Branding a perceptionImage-making creates a sum that is a lot larger than the parts 6/10/2001 08:00:00 PM Eastern
Never once have I gone home, plopped on the couch and declared, "I'm going to settle in for a night of CBS." Or NBC, ABC, Fox or The WB . (Truthfully, I have said that about UPN. There was a time when you had to gird up to do that, and, sometimes, there still is.)
But that's the idea with cable, I guess, and that's the glory of, that's the story of, branding.
It's a word I loathe and simultaneously a concept that's fascinating. Branding: The word is a branding ploy itself. It's language that's just too puffed up, and a lot of older television executives spit it out the way you might if you were forced to call a janitor a sanitary engineer.
As strategy, branding seems to be the best way to make the sum much larger than its parts. For most of television's existence, the mantra was "People watch programs, not networks." Branding begs to turn that philosophy on its head, and that's a lucky thing for the cable industry, which has far more networks on its hands than it does hits.
"That's the dirty little secret of branding," says Rick Haskins, the executive vice president of branding for Lifetime, a thoughtful fellow who somehow takes all this seriously and humorously, too. "With effective branding, weak shows become stronger, and strong shows become dominant. Sometimes, you can get away with schlock." (Not at Lifetime, he's quick to add.)
Truth is, branding often dresses up incredibly ordinary stuff. Take Nick at Nite or TV Land. These are fun cable networks, but, from the time Rich Cronin ran those channels, the part everybody liked was the "Your Television Heritage" promotion. The programs, well, most of them are just as bad as television was for much of the last four decades.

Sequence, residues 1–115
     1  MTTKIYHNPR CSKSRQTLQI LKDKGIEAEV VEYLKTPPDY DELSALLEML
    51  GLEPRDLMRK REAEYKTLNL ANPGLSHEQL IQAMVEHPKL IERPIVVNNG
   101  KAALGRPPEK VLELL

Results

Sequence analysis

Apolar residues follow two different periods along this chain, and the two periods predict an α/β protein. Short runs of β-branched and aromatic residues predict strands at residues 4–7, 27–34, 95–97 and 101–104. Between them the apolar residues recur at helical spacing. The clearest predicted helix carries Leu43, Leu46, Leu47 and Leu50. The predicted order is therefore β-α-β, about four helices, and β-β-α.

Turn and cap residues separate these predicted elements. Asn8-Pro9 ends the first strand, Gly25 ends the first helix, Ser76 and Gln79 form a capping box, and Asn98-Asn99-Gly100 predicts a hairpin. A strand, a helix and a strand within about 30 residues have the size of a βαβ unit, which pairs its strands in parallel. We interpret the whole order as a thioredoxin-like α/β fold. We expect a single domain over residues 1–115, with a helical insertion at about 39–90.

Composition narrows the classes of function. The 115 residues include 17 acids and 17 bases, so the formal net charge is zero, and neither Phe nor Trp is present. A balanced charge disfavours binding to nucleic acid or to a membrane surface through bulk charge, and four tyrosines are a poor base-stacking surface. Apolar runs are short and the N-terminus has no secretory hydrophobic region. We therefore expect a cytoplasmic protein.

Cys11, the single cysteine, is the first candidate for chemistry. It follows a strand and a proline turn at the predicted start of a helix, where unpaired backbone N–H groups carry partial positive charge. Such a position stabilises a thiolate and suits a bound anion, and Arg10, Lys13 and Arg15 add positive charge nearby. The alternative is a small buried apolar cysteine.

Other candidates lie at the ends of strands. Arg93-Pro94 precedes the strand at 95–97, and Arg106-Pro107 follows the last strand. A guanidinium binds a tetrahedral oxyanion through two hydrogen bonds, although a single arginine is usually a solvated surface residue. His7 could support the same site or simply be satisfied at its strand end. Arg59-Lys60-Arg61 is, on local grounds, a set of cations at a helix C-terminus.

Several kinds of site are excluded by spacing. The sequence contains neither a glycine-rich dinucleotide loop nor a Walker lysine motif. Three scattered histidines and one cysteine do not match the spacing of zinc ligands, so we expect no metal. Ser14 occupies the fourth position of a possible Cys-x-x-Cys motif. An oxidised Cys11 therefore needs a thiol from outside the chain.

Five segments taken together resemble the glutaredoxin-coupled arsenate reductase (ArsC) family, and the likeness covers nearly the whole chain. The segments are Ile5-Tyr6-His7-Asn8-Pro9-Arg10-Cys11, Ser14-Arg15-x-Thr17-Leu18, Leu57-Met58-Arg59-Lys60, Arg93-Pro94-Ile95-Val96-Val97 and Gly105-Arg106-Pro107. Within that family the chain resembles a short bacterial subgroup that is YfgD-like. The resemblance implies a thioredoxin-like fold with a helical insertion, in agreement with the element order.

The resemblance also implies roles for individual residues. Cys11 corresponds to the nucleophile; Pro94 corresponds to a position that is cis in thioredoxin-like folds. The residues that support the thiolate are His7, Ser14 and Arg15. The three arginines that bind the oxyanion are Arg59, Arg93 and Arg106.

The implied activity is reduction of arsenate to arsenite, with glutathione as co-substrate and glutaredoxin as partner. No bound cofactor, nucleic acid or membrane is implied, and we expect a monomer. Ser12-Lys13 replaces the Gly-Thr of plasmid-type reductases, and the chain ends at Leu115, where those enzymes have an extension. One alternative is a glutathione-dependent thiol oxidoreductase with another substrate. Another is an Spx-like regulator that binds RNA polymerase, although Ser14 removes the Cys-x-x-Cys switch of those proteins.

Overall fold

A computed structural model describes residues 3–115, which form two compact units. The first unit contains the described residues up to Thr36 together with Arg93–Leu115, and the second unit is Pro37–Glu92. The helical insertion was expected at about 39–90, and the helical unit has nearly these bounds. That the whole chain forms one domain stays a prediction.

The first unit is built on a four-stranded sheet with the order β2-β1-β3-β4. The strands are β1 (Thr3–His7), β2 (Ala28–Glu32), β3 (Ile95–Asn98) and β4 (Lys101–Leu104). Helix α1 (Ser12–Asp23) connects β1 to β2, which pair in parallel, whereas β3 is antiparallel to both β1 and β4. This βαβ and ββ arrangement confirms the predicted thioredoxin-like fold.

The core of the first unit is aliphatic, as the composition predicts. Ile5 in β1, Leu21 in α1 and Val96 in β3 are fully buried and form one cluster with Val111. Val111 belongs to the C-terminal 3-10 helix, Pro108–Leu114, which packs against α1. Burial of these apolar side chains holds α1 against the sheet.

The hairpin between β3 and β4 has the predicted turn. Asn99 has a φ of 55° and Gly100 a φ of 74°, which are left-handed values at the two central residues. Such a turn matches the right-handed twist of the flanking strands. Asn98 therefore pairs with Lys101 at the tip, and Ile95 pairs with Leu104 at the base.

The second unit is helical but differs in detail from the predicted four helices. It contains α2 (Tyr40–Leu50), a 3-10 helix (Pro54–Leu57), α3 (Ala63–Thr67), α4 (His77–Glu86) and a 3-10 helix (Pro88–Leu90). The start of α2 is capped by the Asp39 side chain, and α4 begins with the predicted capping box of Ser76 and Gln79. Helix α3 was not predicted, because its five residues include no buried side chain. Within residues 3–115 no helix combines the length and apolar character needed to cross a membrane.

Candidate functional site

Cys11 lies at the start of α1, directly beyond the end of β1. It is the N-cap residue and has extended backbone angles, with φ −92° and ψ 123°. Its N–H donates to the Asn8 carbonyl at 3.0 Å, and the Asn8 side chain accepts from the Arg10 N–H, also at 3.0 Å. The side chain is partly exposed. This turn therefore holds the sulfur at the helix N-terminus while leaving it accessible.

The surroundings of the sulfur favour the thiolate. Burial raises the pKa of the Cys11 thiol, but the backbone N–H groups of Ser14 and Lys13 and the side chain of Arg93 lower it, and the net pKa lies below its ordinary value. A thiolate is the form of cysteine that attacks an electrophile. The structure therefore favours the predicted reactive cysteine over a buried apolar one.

Branding means you don't have to notice.
I don't know how that fits into me watching it, however. I may feel good about TV Land, but, at the end of the day (or actually at 8 o'clock Eastern), TV Land's Emergency reruns are still just as bad as they were the first time around.
Haskins would tell you that, once a product—or a network—gets the "consumer vote of confidence," it's actually possible to fall off the mark occasionally as long as the brand managers don't destroy the bond. That happened a few years ago with Fox, which established a solid male 18-to-34 niche and then, Haskins says, broadened so much it disenfranchised the guys and didn't pull in a new crowd. "Their audience said, 'Hey, this isn't what I'm used to.'"
So branding creates the image from which all things, or not much at all, can spring. It's pretty true that, while somebody might actually choose to watch MTV for a specific reason, it's just as likely they'll go there because they know what to expect. Ditto with everything from E! (bikinis taken seriously here) to History (Hitler). Even if that's not what's on, it's what I think is on. That's branding.
But if you start messing with it, bad things happen. Haskins these days is watching the Gap try to re-establish a brand. It has lost its way by losing its niche: cheap, casual clothing. Likewise, Haskins thinks, you can dilute brands so that what was once exclusive becomes mundane. That, he believes, is the problem budding for Starbucks, with one on every corner.
At Lifetime, the stereotypical joke is that it's the place for victim movies in which ordinary women survive extraordinary horrors. The classic Lifetime movie is something like Sudden Terror. It is the stuff of parody, but, when Saturday Night Live lampoons Lifetime, it makes Haskins happy. It means the network is well-enough established that everybody understands what it does.
That translates into women's using Lifetime as the network they start with every night, even if they don't know why and even if they don't actually stay there. In a landscape of a jillion cable networks, a strong identity doesn't hurt.
Haskins formerly worked at Procter & Gamble, which knows a thing or two about branding, and he has authored Brand Yourself: How to Create an Identity for a Brilliant Career.
Thinking about that the other day, I could think of only one truly defined kind of "brand" person: A Mafia hitman is something I understand intuitively.
My mob mentality got me to thinking about HBO, home of The Sopranos. That's a network where branding is perfectly married to content. When it boasts, "It's not TV. It's HBO," I hate the conceit, but I concede the point: It's got the brand.
Bednarski may be reached at